Tall, well-built, quick and naturally athletic – Umesh Yadav is an Indian fast bowler in the Australian mould. After a successful tour to Australia with India A, where he picked up a five-for and scored 90 in a first-class match, Umesh is back to the Indian team, for the ODI series in England.
In a chat with BCCI.TV, Umesh spoke about varied aspects of his game including his bowling strategies, the new ODI rules, the Indian bowlers’ improved batting skills and his own fitness.
You did really well in Australia for India A recently. Are you carrying that confidence here?
That tour was very good for me. I bowled well and picked wickets on flat pitches. There was bounce but they weren’t as quick as we had expected them to be. So we had to assess the wickets, study the bounce and bowl accordingly. Getting a five-wicket haul was a huge confidence booster and I hope to carry that confidence into this series.
Your bowling plans will have to drastically change here?
The wickets in England are generally softer and have spongy bounce. My plan will be to try and bowl as full as possible in order to give the ball the time to swing. The ball stops before coming on to the bat here unlike in Australia, where it skids through. The good thing here is that you just need to bowl with discipline and rest assured the ball will do something.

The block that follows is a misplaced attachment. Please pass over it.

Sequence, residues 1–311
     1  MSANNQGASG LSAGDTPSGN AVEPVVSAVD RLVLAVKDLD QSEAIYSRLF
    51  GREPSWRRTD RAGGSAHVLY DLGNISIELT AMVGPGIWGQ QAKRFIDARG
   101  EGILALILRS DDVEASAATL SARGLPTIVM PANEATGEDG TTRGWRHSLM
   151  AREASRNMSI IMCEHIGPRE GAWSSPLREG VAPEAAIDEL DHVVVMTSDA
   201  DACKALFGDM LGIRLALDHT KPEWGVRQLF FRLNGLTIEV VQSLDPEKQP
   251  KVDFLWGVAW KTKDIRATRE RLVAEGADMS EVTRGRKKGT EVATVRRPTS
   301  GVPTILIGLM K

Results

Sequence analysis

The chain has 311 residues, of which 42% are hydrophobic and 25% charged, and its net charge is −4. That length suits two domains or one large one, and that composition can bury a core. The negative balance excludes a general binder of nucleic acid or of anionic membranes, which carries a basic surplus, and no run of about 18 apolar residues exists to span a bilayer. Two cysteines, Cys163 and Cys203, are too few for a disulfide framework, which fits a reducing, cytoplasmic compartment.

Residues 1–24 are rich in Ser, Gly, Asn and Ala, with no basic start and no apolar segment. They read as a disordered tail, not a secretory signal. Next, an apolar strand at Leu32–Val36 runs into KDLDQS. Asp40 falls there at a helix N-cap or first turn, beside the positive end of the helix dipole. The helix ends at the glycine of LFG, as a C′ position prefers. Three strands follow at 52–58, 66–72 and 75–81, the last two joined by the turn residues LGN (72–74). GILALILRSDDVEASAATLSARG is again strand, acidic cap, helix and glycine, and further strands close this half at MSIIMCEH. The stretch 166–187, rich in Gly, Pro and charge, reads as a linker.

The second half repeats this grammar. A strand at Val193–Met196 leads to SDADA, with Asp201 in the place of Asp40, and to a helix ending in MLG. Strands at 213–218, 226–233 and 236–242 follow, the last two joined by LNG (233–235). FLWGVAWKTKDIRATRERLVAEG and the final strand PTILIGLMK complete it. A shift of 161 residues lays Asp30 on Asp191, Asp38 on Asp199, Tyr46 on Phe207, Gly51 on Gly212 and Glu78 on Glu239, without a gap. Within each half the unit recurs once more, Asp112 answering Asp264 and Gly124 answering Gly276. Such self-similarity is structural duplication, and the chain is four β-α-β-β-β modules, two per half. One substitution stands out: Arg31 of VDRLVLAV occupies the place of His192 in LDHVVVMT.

Everyone knows you need to bowl full in these conditions but we still see bowlers dropping it short. How tough is it to change the length suddenly after bowling a certain length in the previous series?
It shouldn’t get too difficult but sometimes it takes time to adjust the length. At times a bowler is trying to bowl a certain length but his body is in the rhythm to bowl a different length. That results in lack of confidence and the struggle grows bigger. Your muscle memory kicks in based on the thought process you have been following in recent times. You need to alter your thought process and send a message across to your muscles. When you walk to your bowling mark, that’s when you need to continuously tell yourself to bowl full. You have to keep reminding yourself. Even if you get hit for runs, it is important to stick to the fuller length because that is your only chance of picking a wicket. If you shorten your length, the chances of taking a wicket will be close to nil.
How easy or difficult is it to adjust to the different balls – you played with Kookaburra in Australia and now you will use the Dukes.
The Dukes ball is very similar to the SG Test ball we use back home in terms of swing and movement. Kookaburra is very different as the seam flattens out after 10-15 overs and it gets tougher to grip. It takes a while to get used to the Kookaburra but Dukes is fine because we are used to bowling with the SG.
You, Bhuvi and Shami are India’s most experienced pacers in this attack. Those two are coming from a long Test series and must be a bit tired. Doest that put more responsibility on you?